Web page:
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Bill to expand optional enhanced kindergarten passes House on 48-21 vote

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Students seated at desks face a teacher in a classroom.

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SALT LAKE CITY — A bill that would expand opportunities for enhanced kindergarten early intervention programs statewide passed the Utah House of Representatives Wednesday by a vote of 48-21.

The latest version of HB99, sponsored by Rep. Lowry Snow, R-Santa Clara, would provide additional resources to expand the reach of the program, intended to help bring struggling students to grade-level proficiency and above as they enter first grade. The program is optional to parents, school districts and charter schools.

“The data shows from those schools who use this program have significant improvement in children who start kindergarten and who have been assessed and who are behind their peers,” Snow said.

The program has existed since 2007 but the appropriation has only been adjusted once, three years ago, with resources that included federal Temporary Assistance for Needy Families program funds, Snow said. That funding has been expended.

The bill carries an $18.6 million price tag, which reflects expansion and replacement of the federal funds.

Snow said research by the Annie E. Casey Foundation says students who read on grade level when they complete third grade are more likely to graduate and become economically successful.

Those who reach that benchmark are far less likely to require special education services, become involved in the criminal justice system as juveniles or adults, and are 50% less likely of becoming a teen parent.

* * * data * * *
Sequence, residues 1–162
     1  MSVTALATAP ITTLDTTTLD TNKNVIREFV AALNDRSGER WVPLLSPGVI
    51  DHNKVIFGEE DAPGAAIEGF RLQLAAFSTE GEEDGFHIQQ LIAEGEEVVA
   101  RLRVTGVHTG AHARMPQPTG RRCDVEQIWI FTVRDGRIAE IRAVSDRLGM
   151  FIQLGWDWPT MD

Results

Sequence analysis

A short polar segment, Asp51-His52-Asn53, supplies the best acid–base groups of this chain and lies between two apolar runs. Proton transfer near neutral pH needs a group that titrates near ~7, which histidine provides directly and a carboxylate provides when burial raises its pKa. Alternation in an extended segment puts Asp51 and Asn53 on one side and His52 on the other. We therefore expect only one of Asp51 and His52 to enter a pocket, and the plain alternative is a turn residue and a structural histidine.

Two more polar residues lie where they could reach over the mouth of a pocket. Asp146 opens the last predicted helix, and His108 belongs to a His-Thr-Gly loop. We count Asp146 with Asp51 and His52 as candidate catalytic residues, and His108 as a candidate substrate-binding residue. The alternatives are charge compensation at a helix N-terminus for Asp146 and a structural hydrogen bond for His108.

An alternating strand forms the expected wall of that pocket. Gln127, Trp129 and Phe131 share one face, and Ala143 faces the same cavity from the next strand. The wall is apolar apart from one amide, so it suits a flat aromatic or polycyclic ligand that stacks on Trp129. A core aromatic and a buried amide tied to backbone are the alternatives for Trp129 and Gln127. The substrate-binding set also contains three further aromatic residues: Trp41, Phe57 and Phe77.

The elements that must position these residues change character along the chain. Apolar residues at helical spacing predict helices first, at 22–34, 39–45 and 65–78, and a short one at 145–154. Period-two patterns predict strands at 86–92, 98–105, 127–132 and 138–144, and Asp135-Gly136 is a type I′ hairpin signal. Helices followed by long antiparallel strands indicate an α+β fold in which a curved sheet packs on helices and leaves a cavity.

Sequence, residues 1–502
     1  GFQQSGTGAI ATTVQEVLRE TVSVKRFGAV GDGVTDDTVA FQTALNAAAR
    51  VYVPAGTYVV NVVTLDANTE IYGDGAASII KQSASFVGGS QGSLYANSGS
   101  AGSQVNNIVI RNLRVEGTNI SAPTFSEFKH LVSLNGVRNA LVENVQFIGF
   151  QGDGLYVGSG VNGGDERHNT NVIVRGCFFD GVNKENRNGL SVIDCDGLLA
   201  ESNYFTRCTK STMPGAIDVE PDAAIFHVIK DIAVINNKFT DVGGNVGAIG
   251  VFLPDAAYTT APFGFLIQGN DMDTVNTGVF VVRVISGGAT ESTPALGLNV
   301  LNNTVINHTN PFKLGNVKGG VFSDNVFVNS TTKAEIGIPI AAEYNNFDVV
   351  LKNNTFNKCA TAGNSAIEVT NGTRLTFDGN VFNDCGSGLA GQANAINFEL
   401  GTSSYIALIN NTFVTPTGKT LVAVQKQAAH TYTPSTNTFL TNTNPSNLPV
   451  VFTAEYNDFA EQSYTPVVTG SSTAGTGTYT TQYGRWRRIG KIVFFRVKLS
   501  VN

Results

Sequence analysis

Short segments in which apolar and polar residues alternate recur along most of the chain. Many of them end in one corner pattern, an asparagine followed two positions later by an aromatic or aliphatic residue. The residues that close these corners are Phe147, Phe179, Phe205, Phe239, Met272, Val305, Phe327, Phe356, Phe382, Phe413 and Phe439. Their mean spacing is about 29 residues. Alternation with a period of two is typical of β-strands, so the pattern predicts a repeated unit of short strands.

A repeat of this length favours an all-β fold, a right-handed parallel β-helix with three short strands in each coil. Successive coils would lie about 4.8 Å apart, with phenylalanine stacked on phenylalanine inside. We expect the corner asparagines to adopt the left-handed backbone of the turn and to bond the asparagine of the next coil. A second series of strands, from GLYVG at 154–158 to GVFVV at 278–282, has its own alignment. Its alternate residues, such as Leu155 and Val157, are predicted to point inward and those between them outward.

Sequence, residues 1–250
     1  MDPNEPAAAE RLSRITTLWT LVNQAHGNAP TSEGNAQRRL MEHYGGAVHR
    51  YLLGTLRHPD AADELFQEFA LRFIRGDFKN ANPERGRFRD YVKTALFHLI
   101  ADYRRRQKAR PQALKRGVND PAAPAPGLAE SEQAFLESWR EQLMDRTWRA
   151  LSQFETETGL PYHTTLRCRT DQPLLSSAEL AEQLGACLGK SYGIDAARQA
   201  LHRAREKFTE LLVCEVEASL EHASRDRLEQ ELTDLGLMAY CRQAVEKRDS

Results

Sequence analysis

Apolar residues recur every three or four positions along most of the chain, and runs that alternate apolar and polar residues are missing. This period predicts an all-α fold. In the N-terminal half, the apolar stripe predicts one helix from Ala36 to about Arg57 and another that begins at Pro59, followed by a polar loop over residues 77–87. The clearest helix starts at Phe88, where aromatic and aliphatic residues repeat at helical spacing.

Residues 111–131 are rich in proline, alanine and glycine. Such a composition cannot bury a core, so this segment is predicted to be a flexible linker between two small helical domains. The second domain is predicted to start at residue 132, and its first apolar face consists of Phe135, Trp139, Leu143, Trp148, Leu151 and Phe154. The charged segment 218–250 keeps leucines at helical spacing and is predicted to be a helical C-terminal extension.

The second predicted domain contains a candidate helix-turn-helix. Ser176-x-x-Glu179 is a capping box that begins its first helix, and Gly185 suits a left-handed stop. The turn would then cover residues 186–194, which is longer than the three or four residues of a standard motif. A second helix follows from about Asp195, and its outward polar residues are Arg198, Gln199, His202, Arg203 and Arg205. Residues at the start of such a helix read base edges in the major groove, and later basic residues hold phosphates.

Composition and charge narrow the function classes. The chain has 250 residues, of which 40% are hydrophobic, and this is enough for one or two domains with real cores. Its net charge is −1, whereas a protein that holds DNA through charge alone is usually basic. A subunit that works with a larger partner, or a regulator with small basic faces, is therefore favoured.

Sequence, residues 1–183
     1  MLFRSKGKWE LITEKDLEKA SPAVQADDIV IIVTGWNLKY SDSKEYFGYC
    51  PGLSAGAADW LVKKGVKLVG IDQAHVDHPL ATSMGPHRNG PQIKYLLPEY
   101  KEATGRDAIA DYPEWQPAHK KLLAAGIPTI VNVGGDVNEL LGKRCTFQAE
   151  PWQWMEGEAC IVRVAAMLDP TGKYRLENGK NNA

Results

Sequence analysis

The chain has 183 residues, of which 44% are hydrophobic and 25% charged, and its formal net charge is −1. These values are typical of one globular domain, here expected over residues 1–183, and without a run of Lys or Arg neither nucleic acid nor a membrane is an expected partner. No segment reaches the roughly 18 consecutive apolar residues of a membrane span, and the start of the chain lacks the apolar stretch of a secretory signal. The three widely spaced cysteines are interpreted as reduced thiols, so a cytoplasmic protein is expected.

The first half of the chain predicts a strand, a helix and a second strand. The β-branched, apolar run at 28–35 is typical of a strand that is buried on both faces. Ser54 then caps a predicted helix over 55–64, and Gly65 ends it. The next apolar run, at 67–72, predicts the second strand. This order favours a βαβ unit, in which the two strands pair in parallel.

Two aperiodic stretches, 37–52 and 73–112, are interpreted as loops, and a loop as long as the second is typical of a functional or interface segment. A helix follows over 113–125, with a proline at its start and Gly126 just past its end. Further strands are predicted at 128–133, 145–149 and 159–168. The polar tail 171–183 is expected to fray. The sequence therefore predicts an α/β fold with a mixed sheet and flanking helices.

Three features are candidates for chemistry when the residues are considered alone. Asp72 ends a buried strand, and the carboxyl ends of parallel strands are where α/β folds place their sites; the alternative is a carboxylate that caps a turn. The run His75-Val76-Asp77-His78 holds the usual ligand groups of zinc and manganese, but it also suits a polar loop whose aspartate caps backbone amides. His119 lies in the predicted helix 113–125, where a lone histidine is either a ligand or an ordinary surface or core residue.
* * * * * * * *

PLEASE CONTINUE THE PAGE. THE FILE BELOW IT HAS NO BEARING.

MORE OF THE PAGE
“Utilizing enhanced kindergarten is a way of addressing those children who have those needs when they start kindergarten. The data shows that those who go through the program, by the time they finish kindergarten, are at the level of their peers or, in many cases, exceed that,” Snow said.

Snow said about 40% of Utah students entering kindergarten need intervention. “About 20% are currently being helped. So this bill expands the program to meet the need,” he said.

Schools that don’t want to participate aren’t required to do so. Participating school districts and charter schools must apply for grant funding.

Rep. Steve Waldrip, R-Eden, spoke in support of the bill, calling it a “headwaters” bill that helps to address educational, emotional and developmental challenges before they manifest later as poor academic achievement, mental health issues or vaping.

“If we want to avoid future pain, future expense, this is an excellent way to begin that process,” Waldrip said.

But others like Rep. Stephen Christiansen, R-West Jordan, questioned providing a separate funding stream for optional enhanced kindergarten instead of placing the funding in the weighted pupil unit, the basic building block of education funding appropriated by state lawmakers.

Snow said elected leaders have the responsibility to lead out on important statewide education policy initiatives.

“I’ve had school superintendents and members of some school board members tell me if we don’t fund this, even though many of them see a need, it is not accomplished,” Snow said.